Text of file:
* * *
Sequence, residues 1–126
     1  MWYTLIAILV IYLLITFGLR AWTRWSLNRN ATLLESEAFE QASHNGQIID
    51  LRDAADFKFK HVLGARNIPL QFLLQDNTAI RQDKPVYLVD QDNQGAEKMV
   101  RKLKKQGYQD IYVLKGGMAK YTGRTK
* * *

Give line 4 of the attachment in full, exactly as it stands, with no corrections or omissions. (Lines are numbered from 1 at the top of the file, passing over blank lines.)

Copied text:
   101  RKLKKQGYQD IYVLKGGMAK YTGRTK